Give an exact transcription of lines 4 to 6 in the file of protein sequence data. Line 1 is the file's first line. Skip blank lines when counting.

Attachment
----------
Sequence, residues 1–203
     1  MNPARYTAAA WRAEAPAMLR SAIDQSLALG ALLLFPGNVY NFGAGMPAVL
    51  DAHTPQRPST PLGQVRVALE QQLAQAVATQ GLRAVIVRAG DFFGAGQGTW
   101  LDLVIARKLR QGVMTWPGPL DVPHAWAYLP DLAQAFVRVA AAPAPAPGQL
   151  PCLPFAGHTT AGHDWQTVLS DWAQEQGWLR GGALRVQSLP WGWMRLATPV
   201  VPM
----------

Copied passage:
   101  LDLVIARKLR QGVMTWPGPL DVPHAWAYLP DLAQAFVRVA AAPAPAPGQL
   151  PCLPFAGHTT AGHDWQTVLS DWAQEQGWLR GGALRVQSLP WGWMRLATPV
   201  VPM